Monday, June 27, 2011

Istanbul the city of wonders.

A short flight took us from Athens to the wonderful city of Istanbul. I say wonderful because Istanbul, a city of over 13 millions, has everything to make you dream from its rich past of Sultans, flying carpets, spices, religious monuments and the last but not the least; the Turks themselves who are warm, welcoming and very pleasant people. In this post I don’t have much to say but lots to show. So here’s a string of pictures with short comments and explanation to show you the colors of this city we will never forget. On this first picture you have a view of the European side of Istanbul and the river in the middle is what is called the Golden Horn which is not the Bosphorus that separates the city between Europe and Asia and leads to the Black Sea.

The Blue Mosque is probably the number one feature monument in Istanbul. This huge monument finished in 1617 is an active mosque and consequently the entrance is free of charge but also requires a proper attire to come inside.

Food is obviously a treat in Istanbul. First the baklavas. Usually you’ll find three to four varieties of baklavas to satisfy your palate but here they have entire shops dedicated to that treat and other sweets. We are talking about tens of different baklavas, and fruit squares! Ice cream is also something of trademark in the city of Sultans. You don’t just go ask for a cone, pay and leave just like that. The vendor in his traditional Turkish costume will play with his 3 feet (1m) long spoon, ring the bells, play with you to make you laugh and then you have your cone. A bit expensive but very good gelato. Another treat was these huge pretzels. As a matter of fact we had a hard time stopping Claudette from trying everything unhealthy sold on the street ;-)

Just next to the Blue Mosque was the famous Ahia Sophia (Ayasofya) built in A.D 537 and was first a Christian church then later modified as a mosque and is now a museum. Yet the duality of the two religious trends still remains as you can see on the first picture. In foreground is the stairs leading to the minbar where the Imam talks to the followers during the prayers while in the background painted on the roof dome are Holy Marie and Jesus! It is a crude contrast from what we saw in Egypt for instance.

One cannot go to Istanbul and miss the Grand Bazaar the pinnacle of shopping and mercantile trades. It is not a building, nor a street, nor a shopping mall but an entire section of the town covering many square kilometers. A huge section is a covered building but the shopping area now extends way beyond the walls of the original Bazaar. One thing that we may not be used to is the fact that for Turks it is the tradition to offer to customers a complementary glass of tea while discussing the deal. At first it is disorienting but we get used to it after awhile.

While in the Bazaar I couldn’t resist buying one of these beautifully handcrafted wooden backgammon boards you can find here in Turkey. The funny thing is that Danielle and I didn’t completely remembered the rules of that game when we sat in a cafĂ© for a Nescafe (that’s what they called the kind of coffee we drink in western countries) and started a game. Playing backgammon in coffee and tea shops is quite common in this part of the world so nobody cared or so we thought. After less than ten seconds of playing and trying to remember the rules we were already surrounded by Turks interested in the game and quickly giving us advices on how to play. Of course the fresh varnish look of our new board also attracted the attention. Then this gentleman taught us the local game they play here, which is a bit more complex than the basic one, and I had the chance to play a couple of games with him and receive genuine advices about the game. The thing about backgammon is that the rules maybe extremely simple but the strategy and the skills to develop are huge. So no need to say that I miserably lost but it was nevertheless very enjoyable.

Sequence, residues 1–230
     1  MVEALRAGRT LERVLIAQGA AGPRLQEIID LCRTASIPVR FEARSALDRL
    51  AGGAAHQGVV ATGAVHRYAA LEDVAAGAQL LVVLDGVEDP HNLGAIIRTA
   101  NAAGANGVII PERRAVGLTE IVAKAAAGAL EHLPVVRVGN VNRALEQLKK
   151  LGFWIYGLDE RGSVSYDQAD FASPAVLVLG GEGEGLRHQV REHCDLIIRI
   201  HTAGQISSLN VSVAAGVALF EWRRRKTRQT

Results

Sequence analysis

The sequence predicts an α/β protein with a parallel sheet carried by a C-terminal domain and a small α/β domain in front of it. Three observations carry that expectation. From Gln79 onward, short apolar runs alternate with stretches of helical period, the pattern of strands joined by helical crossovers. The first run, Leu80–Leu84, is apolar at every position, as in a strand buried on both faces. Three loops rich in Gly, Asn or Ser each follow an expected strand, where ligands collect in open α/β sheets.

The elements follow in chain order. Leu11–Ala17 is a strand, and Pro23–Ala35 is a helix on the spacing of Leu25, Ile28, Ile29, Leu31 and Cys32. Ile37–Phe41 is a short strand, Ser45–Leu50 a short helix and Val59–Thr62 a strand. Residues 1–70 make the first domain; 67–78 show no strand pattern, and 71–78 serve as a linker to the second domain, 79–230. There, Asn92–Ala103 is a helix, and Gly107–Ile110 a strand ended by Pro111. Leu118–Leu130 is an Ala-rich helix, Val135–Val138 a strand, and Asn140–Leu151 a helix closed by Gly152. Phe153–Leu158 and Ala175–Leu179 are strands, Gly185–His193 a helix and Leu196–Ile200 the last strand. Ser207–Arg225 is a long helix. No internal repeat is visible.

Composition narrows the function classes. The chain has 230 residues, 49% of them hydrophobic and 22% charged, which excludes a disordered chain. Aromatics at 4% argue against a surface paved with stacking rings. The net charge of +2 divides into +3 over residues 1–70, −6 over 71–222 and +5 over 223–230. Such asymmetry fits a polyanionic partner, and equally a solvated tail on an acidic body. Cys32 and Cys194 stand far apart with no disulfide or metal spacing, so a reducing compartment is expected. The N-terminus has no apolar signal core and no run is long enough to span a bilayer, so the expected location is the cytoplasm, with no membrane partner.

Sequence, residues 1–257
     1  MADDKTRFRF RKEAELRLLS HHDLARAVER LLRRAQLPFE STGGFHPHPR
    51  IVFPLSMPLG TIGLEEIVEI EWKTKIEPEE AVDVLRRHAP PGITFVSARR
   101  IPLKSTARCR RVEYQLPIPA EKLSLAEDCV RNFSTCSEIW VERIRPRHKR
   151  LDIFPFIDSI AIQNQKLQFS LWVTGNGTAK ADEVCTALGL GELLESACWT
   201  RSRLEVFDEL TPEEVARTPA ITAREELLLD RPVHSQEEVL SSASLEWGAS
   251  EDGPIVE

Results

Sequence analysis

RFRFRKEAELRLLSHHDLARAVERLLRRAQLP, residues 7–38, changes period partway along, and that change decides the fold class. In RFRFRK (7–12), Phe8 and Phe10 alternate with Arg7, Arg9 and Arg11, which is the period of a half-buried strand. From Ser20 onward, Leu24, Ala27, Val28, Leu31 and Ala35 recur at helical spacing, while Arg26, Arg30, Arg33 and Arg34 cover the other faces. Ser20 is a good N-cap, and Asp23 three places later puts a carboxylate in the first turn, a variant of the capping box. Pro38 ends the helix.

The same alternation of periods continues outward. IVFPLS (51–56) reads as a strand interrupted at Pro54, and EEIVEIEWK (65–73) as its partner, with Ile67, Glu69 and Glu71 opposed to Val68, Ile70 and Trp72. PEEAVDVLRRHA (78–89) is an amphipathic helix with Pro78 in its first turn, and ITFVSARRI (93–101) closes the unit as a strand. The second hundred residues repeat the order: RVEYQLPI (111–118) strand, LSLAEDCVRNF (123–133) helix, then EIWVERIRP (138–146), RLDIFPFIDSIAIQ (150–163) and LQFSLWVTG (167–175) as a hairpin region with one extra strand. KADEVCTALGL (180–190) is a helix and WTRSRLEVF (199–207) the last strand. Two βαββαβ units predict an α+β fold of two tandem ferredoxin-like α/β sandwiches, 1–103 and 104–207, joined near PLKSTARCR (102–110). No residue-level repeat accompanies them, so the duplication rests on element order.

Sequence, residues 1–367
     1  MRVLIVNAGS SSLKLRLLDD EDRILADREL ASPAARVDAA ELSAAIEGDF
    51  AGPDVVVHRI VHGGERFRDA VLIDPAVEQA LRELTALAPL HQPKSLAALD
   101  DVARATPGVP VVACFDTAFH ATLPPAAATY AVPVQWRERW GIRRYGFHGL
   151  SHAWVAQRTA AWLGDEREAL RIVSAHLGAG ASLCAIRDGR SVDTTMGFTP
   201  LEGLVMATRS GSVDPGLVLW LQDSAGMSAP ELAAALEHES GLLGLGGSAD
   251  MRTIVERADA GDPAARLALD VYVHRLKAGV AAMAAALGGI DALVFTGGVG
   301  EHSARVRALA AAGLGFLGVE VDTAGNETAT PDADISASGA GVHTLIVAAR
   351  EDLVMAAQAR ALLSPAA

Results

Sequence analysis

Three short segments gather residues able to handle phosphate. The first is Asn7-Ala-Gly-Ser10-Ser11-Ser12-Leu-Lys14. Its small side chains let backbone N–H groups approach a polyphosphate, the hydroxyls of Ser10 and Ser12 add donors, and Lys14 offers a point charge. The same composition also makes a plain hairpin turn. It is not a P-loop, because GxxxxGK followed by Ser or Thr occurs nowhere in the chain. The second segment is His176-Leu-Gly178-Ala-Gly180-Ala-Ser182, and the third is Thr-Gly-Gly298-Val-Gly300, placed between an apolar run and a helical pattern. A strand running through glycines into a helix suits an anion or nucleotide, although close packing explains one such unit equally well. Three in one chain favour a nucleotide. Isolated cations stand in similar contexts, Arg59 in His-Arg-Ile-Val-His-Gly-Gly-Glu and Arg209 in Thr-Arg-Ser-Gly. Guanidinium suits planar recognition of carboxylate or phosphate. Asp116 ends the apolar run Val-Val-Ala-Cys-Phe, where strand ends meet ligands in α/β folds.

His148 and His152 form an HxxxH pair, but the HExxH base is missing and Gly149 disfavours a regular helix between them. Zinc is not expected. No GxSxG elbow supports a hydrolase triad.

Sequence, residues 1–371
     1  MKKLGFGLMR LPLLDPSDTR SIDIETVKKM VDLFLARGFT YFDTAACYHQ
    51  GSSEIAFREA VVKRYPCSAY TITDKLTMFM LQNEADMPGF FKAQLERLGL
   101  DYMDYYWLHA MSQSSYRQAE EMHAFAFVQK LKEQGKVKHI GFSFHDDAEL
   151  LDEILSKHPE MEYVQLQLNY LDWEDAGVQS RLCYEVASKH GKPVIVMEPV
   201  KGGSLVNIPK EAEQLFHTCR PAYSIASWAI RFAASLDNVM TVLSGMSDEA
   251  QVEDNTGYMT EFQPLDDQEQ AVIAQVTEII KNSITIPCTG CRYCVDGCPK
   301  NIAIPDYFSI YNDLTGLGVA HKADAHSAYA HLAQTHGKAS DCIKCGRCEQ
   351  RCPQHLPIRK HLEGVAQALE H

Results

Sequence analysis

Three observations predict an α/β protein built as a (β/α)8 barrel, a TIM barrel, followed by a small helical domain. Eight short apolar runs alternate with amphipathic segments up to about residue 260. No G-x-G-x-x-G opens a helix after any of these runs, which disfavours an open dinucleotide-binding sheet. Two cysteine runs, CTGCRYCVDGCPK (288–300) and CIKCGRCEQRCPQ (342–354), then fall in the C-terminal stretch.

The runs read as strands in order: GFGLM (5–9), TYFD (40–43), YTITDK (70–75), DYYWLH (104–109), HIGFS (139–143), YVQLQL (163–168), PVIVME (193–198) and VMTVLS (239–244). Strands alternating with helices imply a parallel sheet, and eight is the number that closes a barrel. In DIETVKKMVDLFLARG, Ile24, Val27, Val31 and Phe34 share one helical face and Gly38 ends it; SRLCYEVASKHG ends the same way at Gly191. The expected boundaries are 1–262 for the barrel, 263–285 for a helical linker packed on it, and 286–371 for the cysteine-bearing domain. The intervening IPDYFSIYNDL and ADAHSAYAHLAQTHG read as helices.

One night we went to a Turkish traditional dance show. The ten dancers gave us a good performance and we had an enjoyable evening.

The Basilica Cistern is an underground water reservoir built to store massive amounts of water to supply the city in times of drought or siege.

Although 98% of Turks are Muslims Sunday is the official day off and here is a picture of a street just adjacent to the Grand Bazaar on Sunday morning. We would have had a hard time walking in this street on any other days.

Topkapi Palace is where the Sultans used to live. We could see many of the different sections of the palace but the two most impressive were the harem, where at its most crowded housed up to 800 of the Sultan’s wives, and the treasure rooms where we saw a 64 carats diamond among many other pieces of jewelries displayed as a testament of the enormous wealth of the Sultans.

Finally we couldn’t finish this post without underlying the friendliness of the Turks who literally bend backward in restaurants and other services places to please the visitors and making their visit of the magic city an unforgettable experience. Talking like that I should really think writing travel guides!